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A study looking at using genetic testing as part of the management for prostate cancer
This study is looking at whether genetic testing could guide the screening of and treatment for men with prostate cancer.
It is open to men who have prostate cancer. And men who don’t have prostate cancer but have a
More about this trial
There are many different factors that might increase your risk of developing prostate cancer.
Researchers know that some changes (
Some of these gene changes can cause a large increase in the risk. Others a much smaller risk. Occasionally just having one of these gene changes running through the family can cause prostate cancer. We know such changes are rare. But they might be more common in men:
- who develop prostate cancer under the age of 70
- whose prostate cancer grows very quickly or spreads to another part of the body
The aims of this study are to find out:
- how widespread these genetic changes are
- whether doctors can use this information when thinking about screening, diagnosing and treating men with prostate cancer
Who can enter
The following bullet points are a summary of the entry conditions for this study. Talk to your doctor or the study team if you are unsure about any of these. They will be able to advise you.
Who can take part
|This study is open to men who have prostate cancer and men who don’t. There are different entry conditions for each group.|
Men who have prostate cancer
You may be able to join this study if one of the following apply. You:
- are 70 years old or younger and have prostate cancer
- have prostate cancer that has spread to another part of the body or has started to grow again
- have prostate cancer and there is a family history of prostate cancer. This could be there are 2 or more men in the family who have prostate cancer and 1 of them was diagnosed at 70 years old or younger. Or it could be there are 3 or more men in the family such as your father, brother or uncle who have prostate cancer.
Men who don’t have prostate cancer
You may be able to join this study if you are 30 years old or older and there is a family history of prostate cancer.
A family history includes one of the following.
- You have a
first degree relativesuch as your father or brother who was diagnosed with prostate cancer at 70 years old or younger.
- There are 2 or more men in the family diagnosed with prostate cancer at 70 years old or younger. They can be either a first degree relative or a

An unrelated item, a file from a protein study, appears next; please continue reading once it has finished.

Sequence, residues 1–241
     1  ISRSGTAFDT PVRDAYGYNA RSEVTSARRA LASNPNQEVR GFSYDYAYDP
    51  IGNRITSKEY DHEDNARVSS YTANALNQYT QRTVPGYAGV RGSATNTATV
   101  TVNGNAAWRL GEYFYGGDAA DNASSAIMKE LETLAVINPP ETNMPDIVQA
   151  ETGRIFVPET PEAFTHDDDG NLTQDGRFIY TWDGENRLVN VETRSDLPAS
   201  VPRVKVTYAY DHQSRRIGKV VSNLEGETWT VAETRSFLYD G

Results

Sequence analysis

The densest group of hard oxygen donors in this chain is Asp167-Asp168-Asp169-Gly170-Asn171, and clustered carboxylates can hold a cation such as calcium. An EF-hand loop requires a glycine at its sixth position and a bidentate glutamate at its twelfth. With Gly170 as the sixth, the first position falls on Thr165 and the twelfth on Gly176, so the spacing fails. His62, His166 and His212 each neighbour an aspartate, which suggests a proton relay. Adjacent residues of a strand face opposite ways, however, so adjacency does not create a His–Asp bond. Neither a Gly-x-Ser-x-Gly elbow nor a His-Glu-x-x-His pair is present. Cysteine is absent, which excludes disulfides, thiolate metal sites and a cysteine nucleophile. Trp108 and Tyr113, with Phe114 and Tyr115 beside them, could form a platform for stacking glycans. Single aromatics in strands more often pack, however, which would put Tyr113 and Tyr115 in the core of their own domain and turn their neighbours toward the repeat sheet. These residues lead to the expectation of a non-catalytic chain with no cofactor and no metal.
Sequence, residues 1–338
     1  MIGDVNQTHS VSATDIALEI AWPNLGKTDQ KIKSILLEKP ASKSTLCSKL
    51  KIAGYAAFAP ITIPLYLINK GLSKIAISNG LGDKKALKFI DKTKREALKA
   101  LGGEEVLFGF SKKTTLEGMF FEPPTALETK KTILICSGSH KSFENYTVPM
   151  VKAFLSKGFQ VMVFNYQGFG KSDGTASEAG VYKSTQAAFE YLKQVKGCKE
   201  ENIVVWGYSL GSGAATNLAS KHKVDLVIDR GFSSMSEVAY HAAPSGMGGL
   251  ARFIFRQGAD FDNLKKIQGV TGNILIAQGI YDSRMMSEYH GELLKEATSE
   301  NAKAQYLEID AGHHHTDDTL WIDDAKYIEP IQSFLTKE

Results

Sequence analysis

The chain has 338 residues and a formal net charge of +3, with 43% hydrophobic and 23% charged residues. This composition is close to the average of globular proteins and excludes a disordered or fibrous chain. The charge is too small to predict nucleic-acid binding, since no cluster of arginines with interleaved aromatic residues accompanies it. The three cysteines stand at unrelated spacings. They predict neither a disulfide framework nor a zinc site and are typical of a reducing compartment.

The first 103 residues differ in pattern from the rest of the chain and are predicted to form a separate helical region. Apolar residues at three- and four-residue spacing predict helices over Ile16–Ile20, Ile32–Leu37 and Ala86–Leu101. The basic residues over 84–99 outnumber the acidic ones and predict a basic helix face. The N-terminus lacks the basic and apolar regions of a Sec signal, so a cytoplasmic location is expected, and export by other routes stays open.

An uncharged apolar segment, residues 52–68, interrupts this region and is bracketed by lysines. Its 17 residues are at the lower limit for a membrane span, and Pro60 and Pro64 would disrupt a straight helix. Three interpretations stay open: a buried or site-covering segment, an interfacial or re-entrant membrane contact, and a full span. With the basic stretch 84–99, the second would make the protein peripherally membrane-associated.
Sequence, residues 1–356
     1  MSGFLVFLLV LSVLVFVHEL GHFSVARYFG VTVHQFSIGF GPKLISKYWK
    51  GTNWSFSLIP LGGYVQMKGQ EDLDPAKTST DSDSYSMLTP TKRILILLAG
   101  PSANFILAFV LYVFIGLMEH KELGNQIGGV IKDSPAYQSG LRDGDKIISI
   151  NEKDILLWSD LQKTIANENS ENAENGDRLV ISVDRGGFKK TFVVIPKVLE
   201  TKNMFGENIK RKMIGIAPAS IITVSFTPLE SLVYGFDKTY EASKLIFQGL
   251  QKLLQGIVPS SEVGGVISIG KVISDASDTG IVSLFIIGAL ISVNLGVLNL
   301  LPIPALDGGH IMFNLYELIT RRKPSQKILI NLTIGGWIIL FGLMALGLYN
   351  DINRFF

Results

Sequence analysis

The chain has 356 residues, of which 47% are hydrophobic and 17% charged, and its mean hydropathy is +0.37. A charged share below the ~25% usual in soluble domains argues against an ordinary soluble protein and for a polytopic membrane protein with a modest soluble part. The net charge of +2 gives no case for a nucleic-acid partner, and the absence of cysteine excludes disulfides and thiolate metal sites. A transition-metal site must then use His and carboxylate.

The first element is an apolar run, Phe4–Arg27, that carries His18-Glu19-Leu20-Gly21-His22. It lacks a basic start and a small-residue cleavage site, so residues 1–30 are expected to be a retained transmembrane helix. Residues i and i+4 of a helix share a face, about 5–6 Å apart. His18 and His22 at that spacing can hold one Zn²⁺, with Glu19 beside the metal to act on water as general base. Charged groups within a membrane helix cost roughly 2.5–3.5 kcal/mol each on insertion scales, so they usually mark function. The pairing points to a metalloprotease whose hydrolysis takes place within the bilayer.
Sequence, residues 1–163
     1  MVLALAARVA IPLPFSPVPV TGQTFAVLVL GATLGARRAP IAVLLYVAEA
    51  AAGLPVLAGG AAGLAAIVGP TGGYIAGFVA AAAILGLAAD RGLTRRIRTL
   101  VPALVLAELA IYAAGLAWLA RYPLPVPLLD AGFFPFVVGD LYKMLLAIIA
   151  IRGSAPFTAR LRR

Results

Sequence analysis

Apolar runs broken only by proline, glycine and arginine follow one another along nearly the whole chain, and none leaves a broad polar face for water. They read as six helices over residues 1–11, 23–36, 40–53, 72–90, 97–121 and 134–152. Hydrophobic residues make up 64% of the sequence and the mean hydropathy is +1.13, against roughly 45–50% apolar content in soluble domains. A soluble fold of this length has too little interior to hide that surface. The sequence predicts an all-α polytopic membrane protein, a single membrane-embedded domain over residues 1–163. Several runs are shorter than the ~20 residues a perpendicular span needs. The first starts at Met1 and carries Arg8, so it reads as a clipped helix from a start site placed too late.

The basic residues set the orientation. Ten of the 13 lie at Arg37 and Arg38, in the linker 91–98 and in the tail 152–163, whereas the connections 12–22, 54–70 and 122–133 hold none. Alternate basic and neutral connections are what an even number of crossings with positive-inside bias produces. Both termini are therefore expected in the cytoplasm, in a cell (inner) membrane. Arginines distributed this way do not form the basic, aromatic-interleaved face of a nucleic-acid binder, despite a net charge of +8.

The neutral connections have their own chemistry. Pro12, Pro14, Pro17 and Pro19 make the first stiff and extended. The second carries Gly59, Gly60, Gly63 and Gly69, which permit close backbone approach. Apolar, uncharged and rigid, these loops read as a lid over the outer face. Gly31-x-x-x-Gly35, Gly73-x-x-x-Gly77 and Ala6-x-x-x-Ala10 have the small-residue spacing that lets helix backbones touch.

second degree relativesuch as an uncle.
- There are 3 or more men in the family that have prostate cancer. They must all be from the same side of the family. This means that the family members who have prostate cancer are either only from your father’s side or only from your mother’s side.
Who can’t take part
You cannot join this study if you are in a chair or bed all the time and need complete care.
There are 2 groups in this study. The team need 1,000 men who have prostate cancer to join. They also need 1,000 men who don’t have prostate cancer but have a close relative who does have prostate cancer.
If you would like to take part contact the research team. A member of the team will tell you more about the study and find out if you are able to take part.
Then if you can take part, you have a hospital appointment or a telephone appointment with a member of the team.
At this appointment you give a blood sample or spit (saliva) sample. If you have a telephone appointment the team will arrange to collect these samples by post.
The team use these samples to look for changes (mutations) in the genes of your
For men who have prostate cancer the team will ask your permission to contact the team that are treating you. This is to find out about your prostate cancer and what treatment you are having or had.
The team also want to find out more about what you think and how you feel about the genetic testing process. They also want to learn more about the information and support needs of men.
They may ask you to complete a questionnaire:
- before your first appointment with the team
- after you get the results of the genetic testing
- then 6 months later and 12 months later
You don’t have to agree to do the questionnaires. You can still take part in the study.
They will also ask a small number of men to take part in an interview. This is to find out more about your experience of taking part in this study.
You don’t have to agree to take part. You can still take part in the study.
You have 2 visits as part of the study. The first is to find out more about the study and if you want to take part. If you do take part you have another visit to the hospital to find out the results of the genetic testing.
You have them as a hospital appointment or a telephone appointment if you are unable to go to the hospital.
Finding out the results of your genetic tests might cause some concern or worry. Talk to the study team if this is the case. They can refer you to a specialist who you can talk to if would like to.
How to join a clinical trial
Please note: In order to join a trial you will need to discuss it with your doctor, unless otherwise specified.
Professor Ros Eeles
Cancer Research UK
Institute of Cancer Research (ICR)
The Royal Marsden NHS Foundation Trust
The National Institute for Health and Care Research
For more information you can contact the study team on the following email address:
If you have questions about the trial please contact our cancer information nurses
Freephone 0808 800 4040